Individuals with depression are four times more likely to die from coronary heart disease than someone who does not have depression. Conversely, the risk of having a heart attack with depression is double that of individuals who do not have depression. Thus, having heart disease and depression puts one at a greater risk for dying. Exercise improves both depression and risk factors for heart disease; yet, most Americans do not exercise regularly, especially those with depression and/or heart disease.
This study is important to these individuals as most of them want to exercise, but have difficulty finding the motivation and energy to do so, which has a substantially negative impact on their physical and mental health. This study will compare two empirically supported treatments designed to help individuals with a mood disorder at risk or with heart disease to increase their physical activity as objectively measured by an activity monitor (Fitbit). The MoodNetwork PPRN has partnered with the Health eHeart Alliance to accomplish this goal. We will randomize 500 individuals with a mood disorder at risk of or with cardiovascular disease to either web-based cognitive-behavioral therapy (CBT) or web-based mindfulness-based cognitive therapy (MBCT) to enhance exercise (daily steps as measured by Fitbit). This will help us to better understand which intervention will work best to enhance exercise (Aim 1) and for whom (Aim 2) as well as create easy-to-access interventions that can be made available to many people after this study is completed. These interventions will be accessible through a patient-powered research network, or MoodNetwork.org, and steps (primary outcome) are measured via the Health eHeart Network.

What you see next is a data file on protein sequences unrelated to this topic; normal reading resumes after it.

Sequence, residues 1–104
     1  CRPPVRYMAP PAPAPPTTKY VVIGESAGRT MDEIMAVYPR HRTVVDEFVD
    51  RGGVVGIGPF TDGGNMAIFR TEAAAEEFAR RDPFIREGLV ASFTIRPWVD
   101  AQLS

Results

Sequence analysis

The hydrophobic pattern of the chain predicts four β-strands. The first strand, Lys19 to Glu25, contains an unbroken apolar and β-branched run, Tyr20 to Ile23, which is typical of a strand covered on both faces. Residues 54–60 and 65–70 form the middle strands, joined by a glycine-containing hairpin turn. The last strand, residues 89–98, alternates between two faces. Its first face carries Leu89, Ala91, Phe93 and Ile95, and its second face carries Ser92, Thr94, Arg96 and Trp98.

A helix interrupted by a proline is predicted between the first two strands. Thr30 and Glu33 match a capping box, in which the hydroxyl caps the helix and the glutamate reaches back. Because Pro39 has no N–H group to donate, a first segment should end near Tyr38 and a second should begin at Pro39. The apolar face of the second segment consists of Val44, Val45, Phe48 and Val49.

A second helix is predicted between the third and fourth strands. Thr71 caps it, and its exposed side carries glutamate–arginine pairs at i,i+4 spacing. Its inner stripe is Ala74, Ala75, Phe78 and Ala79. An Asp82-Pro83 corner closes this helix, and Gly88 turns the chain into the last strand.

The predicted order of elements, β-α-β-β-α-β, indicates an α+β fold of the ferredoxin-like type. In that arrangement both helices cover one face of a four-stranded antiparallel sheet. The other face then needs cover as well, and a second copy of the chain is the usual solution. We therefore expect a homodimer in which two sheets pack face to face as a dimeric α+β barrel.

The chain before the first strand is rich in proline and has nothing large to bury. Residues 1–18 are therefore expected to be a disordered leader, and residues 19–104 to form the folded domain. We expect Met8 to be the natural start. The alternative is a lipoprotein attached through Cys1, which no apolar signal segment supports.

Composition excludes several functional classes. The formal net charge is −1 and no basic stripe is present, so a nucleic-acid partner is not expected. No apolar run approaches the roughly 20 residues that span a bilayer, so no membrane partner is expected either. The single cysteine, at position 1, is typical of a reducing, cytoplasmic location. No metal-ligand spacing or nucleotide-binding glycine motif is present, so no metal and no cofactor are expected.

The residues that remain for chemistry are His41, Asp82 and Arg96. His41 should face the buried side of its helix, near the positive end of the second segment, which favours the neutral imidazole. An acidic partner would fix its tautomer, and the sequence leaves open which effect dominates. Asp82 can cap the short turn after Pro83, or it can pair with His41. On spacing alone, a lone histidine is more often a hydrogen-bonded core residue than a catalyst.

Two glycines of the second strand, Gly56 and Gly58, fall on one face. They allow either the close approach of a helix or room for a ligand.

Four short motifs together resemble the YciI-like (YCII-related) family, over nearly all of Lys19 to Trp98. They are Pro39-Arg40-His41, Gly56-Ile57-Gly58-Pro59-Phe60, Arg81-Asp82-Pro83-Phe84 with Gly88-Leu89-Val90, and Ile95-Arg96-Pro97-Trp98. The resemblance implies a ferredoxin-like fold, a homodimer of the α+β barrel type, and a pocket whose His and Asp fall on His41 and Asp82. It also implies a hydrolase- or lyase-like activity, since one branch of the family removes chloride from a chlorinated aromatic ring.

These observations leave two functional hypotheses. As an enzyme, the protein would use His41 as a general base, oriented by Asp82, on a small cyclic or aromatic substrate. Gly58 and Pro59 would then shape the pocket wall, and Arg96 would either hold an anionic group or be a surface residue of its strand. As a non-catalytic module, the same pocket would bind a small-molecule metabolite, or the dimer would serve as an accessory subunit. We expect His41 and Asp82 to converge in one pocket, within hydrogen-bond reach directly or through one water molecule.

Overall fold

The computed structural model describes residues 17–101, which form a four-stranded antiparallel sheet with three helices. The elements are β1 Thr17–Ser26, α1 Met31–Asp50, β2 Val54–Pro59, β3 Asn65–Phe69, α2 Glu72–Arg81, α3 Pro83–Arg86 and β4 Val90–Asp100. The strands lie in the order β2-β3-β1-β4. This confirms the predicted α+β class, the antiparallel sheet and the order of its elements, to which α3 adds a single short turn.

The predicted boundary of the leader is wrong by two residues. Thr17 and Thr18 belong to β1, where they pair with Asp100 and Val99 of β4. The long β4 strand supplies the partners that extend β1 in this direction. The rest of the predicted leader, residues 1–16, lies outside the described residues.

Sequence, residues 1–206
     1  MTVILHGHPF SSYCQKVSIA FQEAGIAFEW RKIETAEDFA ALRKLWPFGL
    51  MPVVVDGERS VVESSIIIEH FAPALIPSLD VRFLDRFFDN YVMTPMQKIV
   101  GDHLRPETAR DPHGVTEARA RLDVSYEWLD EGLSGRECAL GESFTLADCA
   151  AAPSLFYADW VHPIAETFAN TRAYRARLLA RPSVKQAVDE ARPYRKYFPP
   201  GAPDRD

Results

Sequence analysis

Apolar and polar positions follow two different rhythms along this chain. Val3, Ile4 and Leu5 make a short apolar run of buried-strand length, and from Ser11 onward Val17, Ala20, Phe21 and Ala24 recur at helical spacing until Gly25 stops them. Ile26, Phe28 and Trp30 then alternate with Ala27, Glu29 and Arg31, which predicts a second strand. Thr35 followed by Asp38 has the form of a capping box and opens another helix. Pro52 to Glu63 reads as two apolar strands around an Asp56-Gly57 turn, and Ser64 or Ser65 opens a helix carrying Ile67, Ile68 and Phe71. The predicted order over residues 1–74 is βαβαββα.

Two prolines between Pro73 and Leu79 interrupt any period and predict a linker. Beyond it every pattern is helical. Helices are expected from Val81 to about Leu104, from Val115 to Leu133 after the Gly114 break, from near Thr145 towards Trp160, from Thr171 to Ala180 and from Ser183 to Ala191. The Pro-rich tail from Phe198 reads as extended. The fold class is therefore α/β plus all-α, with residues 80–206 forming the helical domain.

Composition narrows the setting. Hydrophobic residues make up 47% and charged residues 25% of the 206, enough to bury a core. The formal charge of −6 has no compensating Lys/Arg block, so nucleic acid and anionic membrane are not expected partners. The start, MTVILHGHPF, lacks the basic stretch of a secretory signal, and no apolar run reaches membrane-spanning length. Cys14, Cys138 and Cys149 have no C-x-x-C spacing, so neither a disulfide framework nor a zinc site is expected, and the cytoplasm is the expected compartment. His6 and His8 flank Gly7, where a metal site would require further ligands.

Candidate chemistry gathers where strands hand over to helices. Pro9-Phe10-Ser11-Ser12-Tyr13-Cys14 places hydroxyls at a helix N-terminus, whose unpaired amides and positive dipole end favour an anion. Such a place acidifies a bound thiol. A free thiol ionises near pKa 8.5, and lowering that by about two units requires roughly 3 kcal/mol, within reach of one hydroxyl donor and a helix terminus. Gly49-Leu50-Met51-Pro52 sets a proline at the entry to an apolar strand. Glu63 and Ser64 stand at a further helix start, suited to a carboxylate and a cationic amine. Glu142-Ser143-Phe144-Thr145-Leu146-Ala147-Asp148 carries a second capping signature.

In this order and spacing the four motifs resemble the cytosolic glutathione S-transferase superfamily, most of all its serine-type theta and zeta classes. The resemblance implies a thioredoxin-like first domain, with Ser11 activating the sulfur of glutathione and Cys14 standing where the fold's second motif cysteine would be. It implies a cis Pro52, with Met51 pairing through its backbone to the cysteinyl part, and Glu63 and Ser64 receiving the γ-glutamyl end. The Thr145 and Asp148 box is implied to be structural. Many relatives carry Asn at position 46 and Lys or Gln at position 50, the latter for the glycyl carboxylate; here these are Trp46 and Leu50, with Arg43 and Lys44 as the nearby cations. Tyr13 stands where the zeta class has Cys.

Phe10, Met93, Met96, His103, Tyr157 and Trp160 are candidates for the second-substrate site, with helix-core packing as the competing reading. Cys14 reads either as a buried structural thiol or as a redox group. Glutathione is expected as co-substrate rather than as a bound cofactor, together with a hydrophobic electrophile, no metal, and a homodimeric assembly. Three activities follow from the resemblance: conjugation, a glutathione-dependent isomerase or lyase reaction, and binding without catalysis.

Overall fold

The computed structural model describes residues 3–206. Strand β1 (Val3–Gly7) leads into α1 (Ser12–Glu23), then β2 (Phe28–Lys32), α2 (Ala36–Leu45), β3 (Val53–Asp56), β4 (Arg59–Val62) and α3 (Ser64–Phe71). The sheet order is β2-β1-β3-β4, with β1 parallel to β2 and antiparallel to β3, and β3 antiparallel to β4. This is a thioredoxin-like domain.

The online interventions and assessment technology generated as part of this project will be made available to the PCORnet Commons to support the needs of all networks. Patient partners with mood disorders from MoodNetwork and those with, or at risk for, heart disease from Health eHeart will assist in designing these online interventions to further tailor them for these at-risk individuals as there are unique factors that make exercising challenging for people who are depressed or at risk for heart disease (e.g., overweight or obese). Our patient partners will also share their stories of success with exercise to demonstrate the feasibility and positive outcomes to others to assist with recruitment. By furthering our understanding of the best strategies to enhance exercise, making them available online, and tailoring them with patient input, we will have a significant public health impact on reducing the risk of death for individuals with depression and at risk for cardiovascular disease.